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Reality check

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Advice from the tech-connected

Boston College's second annual TechDay, which took place the afternoon of October 29, started with a litany of unhappy economic news intoned by Dan Nova '83, managing general partner of Highland Capital Partners, a Massachusetts-based firm that invests in technology start-ups. Unemployment, he said, was up by 50 percent in the last three years, real wages were down, the venture capital business "at a standstill," initial public offerings "basically shut down. . . . It's a good time," said Nova, who moderated the first of the day's two panels, "to be in school and not in the workforce," a point that may or may not have given comfort to the audience.

TechDay, according to its organizer, associate professor of information systems John Gallaugher, highlights topics from business uses of digital technology to ways of assessing the strength of high technology firms; it is sponsored by the Carroll School of Management MBA Technology Club and by the Tech Council, a Carroll School alumni group. This edition drew about 350 people, who filled the Fulton 511 auditorium to near capacity. The audience included some 40 alumni, identifiable, it seemed, by their dark business dress and their muted, businesslike demeanor. Also in the audience were numerous MBA students, a less reserved contingent that tapped away on laptop keyboards and was overwhelmingly dressed for school rather than the office. Interestingly enough, this contrast in styles also characterized the day's two panels.


DAN NOVA'S grim, stage-setting litany didn't seem to bother his panelists, who were chosen precisely because their companies had flourished in a bad economy. Philip W. Schiller '82, marketing chief at Apple Computers, cheerfully declared that he doesn't concern himself too much with nitpicking matters like his stock's price-to-earnings ratio. "What I care about," he said, "is how much fun I have when I get up in the morning, and whether my products make people happy." Recently, Schiller, a sandy-haired man in faded jeans, has been having fun unveiling, among other products, Apple's iPod digital music player, of which he declared sanguinely, "It's become a brand, as Kleenex is to tissues." Apple's strategy for dark times, Schiller said, is to "reinvent the personal computer around the digital lifestyle, what we call 'the iLife.'"

Also preaching fun, along with "excitement," as a key to profitability was panelist Carl Rosendorf, CEO of Smart Bargains, which sells consumer goods like bedsheets and luggage on-line. Describing his marketing strategy, he said, "Urgency is the key." The Smart Bargains Web site posts a countdown of the remaining units of each item being sold because, in Rosendorf's words, "As you get closer to zero, people are that much more likely to buy."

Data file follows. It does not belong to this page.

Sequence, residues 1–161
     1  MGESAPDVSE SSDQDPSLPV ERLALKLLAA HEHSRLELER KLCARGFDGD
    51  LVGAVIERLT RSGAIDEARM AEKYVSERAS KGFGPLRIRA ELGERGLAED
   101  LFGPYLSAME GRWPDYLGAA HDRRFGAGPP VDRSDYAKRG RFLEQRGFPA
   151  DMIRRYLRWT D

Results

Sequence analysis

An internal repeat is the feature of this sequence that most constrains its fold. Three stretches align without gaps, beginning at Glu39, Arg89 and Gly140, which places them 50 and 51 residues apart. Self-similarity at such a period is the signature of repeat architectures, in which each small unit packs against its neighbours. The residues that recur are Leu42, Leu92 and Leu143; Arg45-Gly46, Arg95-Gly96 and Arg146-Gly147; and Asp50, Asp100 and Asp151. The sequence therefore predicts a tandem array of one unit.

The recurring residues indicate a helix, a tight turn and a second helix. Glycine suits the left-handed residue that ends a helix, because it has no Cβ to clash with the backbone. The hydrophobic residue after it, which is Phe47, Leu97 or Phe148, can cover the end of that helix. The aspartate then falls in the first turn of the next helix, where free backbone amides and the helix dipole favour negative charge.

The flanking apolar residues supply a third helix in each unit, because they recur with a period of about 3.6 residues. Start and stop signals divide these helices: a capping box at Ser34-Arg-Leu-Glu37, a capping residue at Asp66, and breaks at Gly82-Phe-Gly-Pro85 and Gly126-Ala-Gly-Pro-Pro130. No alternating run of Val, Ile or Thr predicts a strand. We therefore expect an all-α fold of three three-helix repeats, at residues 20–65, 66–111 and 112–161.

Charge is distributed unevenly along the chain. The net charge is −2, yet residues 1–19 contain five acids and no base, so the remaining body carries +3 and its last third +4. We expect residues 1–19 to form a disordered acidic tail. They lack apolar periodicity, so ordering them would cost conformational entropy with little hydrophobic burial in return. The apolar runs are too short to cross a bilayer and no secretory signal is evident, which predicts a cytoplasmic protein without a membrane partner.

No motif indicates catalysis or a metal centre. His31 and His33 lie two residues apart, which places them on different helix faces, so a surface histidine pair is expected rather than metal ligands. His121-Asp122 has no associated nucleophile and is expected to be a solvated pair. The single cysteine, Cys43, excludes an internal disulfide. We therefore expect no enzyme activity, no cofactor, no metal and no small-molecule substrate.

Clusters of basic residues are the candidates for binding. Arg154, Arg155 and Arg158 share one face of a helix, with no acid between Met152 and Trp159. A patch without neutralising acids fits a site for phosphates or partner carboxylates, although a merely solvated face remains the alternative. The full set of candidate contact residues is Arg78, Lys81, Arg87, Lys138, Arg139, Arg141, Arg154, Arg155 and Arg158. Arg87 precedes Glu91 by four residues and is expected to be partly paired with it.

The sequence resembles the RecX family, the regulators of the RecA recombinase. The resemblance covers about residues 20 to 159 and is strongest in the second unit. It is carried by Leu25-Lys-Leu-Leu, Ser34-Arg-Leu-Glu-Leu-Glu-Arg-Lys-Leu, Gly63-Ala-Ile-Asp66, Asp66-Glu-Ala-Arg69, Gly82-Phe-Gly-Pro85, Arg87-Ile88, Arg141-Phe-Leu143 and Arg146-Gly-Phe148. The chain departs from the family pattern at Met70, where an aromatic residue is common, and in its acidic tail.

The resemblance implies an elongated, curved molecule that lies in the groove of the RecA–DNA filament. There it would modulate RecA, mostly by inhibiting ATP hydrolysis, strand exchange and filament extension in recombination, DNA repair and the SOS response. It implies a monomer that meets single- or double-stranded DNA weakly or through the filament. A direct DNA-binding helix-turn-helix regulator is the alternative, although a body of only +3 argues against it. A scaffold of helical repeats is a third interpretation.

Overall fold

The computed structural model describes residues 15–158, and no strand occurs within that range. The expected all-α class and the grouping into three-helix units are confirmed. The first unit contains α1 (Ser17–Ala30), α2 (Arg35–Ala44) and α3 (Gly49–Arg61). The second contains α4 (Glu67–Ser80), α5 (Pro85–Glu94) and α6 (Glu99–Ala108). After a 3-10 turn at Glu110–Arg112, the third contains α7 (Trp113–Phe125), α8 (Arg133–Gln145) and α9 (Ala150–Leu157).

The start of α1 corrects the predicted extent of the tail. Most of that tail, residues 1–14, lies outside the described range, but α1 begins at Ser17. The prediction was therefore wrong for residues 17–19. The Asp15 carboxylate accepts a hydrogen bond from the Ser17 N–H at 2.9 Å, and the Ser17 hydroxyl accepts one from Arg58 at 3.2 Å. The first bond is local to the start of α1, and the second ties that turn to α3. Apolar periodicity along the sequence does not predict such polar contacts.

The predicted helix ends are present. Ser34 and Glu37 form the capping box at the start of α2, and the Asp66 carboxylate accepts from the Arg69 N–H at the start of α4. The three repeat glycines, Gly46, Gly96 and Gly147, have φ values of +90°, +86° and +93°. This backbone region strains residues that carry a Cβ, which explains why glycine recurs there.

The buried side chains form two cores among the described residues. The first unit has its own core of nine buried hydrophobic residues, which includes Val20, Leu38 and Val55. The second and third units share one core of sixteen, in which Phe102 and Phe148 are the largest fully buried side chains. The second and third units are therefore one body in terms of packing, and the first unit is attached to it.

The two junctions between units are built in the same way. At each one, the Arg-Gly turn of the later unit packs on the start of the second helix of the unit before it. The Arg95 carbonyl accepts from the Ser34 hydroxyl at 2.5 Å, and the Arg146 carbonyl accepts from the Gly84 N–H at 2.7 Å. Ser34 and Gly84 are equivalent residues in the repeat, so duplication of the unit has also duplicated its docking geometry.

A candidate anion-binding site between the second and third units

The Starbucks Coffee chain was represented by Kathleen Richardson, director of marketing for the northeast zone, who talked up the company's new Duetto Card, which combines a prepay feature with a Visa card that gives free coffee dividends. Quoted Richardson, "You may never have to pay for a latte again."

It was around this point in the proceedings that Nova tried to steer the panel back to the question: How do you make money in a terrible economy?

"In the end," Apple's Schiller answered, "if you build a good business, the valuation will come. . . . If Sony's laying off 20,000, we see it as an opportunity to pick up products that they dropped and hire some good people." Rosendorf, of Smart Bargains, also talked up the business opportunities in a bad economy, saying, "That's when retailers cancel orders from suppliers and we can get some of our best bargains."

Asked for any advice they had to offer future MBAs, the panel was silent for several beats. Then Schiller advised prospective business executives to look for a "product you're crazy about" and seek employment at the company that makes it.


COMPARED to Nova's panelists, none of whom had a business suit on, let alone a necktie, the members of the afternoon's second panel—five chief information officers, or CIOs, from large, established companies—were grayer and more traditionally dressed; and it was hard to imagine being crazy about several of their products, things like life insurance and commercial air conditioners, however crucial.

In a nuts and bolts discussion, Peter Burrows of Reebok International predicted that open-source operating systems "are going to do what the Justice Department didn't do: drive people away from Microsoft as [Microsoft] continues raising prices." On outsourcing of information technology (IT) jobs to places like China and India, a recent sore point for out-of-work IT professionals, Bill Oates '78 of the Starwood Hotels chain laid out the market realities, saying outsourcing "is huge for all companies now. If your competitors are doing it, they may be able to get more bang for their technology than you."

As for advice to future MBAs? Terry Conner of Liberty Mutual recommended cultivating the skill of "dealing with change—because that's the only constant we have in business."

David Reich


David Reich is a freelance writer based in the Boston area.

 

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